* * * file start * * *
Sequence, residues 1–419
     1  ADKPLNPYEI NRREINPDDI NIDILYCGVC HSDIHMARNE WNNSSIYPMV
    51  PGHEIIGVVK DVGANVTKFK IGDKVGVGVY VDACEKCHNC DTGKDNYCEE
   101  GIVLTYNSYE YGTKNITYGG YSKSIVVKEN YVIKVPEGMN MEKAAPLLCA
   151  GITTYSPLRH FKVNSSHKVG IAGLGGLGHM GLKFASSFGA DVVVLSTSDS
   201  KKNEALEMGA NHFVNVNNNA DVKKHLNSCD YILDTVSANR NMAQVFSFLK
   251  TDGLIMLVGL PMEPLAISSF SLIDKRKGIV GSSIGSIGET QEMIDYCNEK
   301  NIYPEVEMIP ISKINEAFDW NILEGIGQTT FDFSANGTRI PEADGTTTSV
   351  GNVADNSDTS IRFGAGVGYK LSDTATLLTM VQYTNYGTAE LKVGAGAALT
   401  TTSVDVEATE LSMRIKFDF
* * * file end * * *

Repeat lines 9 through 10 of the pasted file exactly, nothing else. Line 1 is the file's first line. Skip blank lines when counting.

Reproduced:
   351  GNVADNSDTS IRFGAGVGYK LSDTATLLTM VQYTNYGTAE LKVGAGAALT
   401  TTSVDVEATE LSMRIKFDF